Take charge of your eating habits. If something goes bad in the refrigerator, get rid of it as quickly as possible. Make sure you buy the proper amount of food so you don’t have too much for your assigned space and don’t have to rely on your housemates for food.

When sharing a refrigerator, it’s crucial to establish limits around shared meals. Say so if you don’t want to share your food. Say so if you don’t mind your housemates eating some of your leftovers without asking. When sharing a refrigerator, clear communication and boundaries are essential.

By dividing the refrigerator as evenly as possible, each roommate will have an equal amount of space for their food. Additionally, the refrigerator will appear more organized and clean as a result of this.

Although sharing refrigerator space with roommates can be tough at first, it is not impossible. If you follow these guidelines, you and your roommates will be able to efficiently share refrigerator space in a respectful, organized, and clean manner.

How do roommates split the cost of groceries?

Get clear about each other’s personal finances, among other roommate screening questions. Pose questions like:

  • How much money do you make on a monthly basis?
  • Is it the same every month, or does it change? By how much do you mean?
  • What level of job security do you have? How long have you been with the company?
  • What percentage of your income do you set away for an emergency fund?
  • How’s your credit rating? Is it high enough for us to be approved as a group when we apply for a rental?
  • Do you owe money on student loans, credit cards, or other debts that make it difficult to pay your rent and utilities?
  • Which household expenses do you anticipate splitting?

When you share housing costs, you can’t afford financial privacy. You must ensure that your housemates are able to pay the rent.

You can be stuck with the rent and energy bills if your roommate loses their job or their income drops and they don’t have an emergency fund.

Look into it “In your leasing agreement, there should be a joint and multiple liability clause. The brief version is as follows: Each roommate is financially accountable for the entire rent, and the landlord has the authority to make all roommates liable for any payment shortfall.

In other words, the landlord does not consider each roommate’s rent when calculating your rent “a share It’s just a bill you have to pay, and you’re all responsible for it.

Do Put One Roommate In Charge of Paying Shared Bills

Nominate a trustworthy roommate who will pay the rent and utilities on time each month. Everyone else is responsible for paying that person’s share of the rent by the due date.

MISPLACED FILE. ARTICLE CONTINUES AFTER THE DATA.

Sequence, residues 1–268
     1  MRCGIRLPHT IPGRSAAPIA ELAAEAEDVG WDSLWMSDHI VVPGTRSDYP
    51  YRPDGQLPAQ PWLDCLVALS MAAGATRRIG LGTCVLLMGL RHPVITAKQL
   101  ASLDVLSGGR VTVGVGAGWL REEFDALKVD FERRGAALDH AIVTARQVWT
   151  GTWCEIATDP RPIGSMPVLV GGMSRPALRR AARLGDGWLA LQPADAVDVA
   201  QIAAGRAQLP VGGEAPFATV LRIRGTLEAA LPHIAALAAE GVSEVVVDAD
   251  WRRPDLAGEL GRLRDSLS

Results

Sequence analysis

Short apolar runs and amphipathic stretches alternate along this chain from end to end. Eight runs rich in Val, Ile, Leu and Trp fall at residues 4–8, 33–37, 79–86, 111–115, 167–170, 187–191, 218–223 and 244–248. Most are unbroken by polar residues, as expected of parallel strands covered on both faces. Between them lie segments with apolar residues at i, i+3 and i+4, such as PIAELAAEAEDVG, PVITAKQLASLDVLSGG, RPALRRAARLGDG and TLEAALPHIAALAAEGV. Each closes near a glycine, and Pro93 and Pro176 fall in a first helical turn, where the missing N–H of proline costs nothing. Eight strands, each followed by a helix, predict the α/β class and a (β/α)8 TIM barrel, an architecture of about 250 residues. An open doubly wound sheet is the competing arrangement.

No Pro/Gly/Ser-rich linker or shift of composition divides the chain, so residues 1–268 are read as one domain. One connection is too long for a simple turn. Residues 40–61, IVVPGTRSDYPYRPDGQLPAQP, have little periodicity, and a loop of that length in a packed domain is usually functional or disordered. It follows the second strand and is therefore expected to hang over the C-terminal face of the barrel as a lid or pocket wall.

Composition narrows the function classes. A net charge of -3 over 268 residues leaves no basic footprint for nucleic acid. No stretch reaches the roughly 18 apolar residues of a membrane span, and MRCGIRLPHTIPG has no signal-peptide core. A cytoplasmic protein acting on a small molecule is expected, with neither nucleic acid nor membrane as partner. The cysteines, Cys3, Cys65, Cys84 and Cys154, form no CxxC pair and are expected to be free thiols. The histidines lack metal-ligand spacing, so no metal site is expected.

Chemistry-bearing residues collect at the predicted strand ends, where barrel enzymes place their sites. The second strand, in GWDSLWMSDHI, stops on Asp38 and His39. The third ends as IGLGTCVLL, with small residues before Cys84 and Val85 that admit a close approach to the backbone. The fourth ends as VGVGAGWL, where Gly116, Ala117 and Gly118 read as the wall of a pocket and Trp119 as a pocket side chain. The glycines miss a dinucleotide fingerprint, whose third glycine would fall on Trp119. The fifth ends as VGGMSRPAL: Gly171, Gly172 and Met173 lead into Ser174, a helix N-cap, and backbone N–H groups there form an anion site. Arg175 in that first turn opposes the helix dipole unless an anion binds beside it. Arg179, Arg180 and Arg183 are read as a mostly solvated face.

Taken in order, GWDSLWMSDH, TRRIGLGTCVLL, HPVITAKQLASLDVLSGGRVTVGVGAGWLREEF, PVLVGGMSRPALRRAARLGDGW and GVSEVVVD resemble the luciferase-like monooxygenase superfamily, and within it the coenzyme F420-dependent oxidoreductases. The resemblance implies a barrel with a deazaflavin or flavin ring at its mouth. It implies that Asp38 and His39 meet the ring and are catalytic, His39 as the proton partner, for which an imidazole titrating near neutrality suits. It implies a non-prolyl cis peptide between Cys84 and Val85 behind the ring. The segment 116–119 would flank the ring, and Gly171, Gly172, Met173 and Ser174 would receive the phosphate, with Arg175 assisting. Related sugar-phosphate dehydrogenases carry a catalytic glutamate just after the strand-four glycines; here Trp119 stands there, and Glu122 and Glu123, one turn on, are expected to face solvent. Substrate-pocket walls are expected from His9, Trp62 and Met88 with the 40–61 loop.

If at all possible, use electronic payments such as PayPal or Venmo to generate a clear paper trail. It’s all too simple to argue about whether or not a monetary payment was made, what that cash was for, or how much money was exchanged. You can also use Splitwise or other similar programs.

Sign a short one-page contract with your roommates. Everyone agrees on the shared monthly bills, when they must be paid each month, and who is responsible for collecting the money and paying the bill.

Most importantly, be sure that any roommate who fails to pay their portion faces consequences. After the first infraction, the offender may be forced to perform all home chores until the debt is paid in full. The second offense could result in eviction by the end of the month. If you want your housemates to take you seriously, make your own rules and stick to them.

Finally, if one late payer is the cause of the late rent or payment, they are alone responsible for the late fee. If the other roommates paid their rent on time, they should not be responsible for that charge.

You can set up a joint checking account, but assigning bill-paying duty to one individual ensures greater accountability. Besides, the less complicated your finances are, the better.

Do Buy Furniture Separately

Maintain a straightforward approach. You can take the couch with you when you move out if you buy it.

Recognize that shared furniture may experience some wear and tear, if not outright abuse. Don’t buy anything that would break your heart if your roommate spilled wine on it.

Discuss with your roommates who will be purchasing the various items of furniture required for the flat up front. To save money and grief, consider purchasing old furniture. A broken spring on a cheap used couch is much simpler to overlook than a brand-new piece of designer furniture.

Do Create & Publicly Post a Shared Expenses Chart

If splitting expenses becomes perplexing, keep track of who owes what by making a monthly chart and posting it on the refrigerator. List everyone’s name, as well as rent and utilities expenditures in columns.

Cross people’s names off the list when they pay for the month. Everyone is aware of who has paid and who still owes, which encourages everyone to make timely payments.

As part of the pre-move-in finance discussion, bring this up. Your roommates may feel insulted if you do it without warning, which will not alleviate your concerns.

Do Check Out at the Grocery Store Separately

There’s nothing wrong with going grocery shopping with your friends. But it doesn’t imply you should go to the grocery store together and share the bill.

Purchase the groceries you intend to consume. If you’re going to cook a dinner together, assign each person a particular part of the dish to prepare, just like any other potluck. Everyone who wants to eat has something to contribute when it comes time to cook.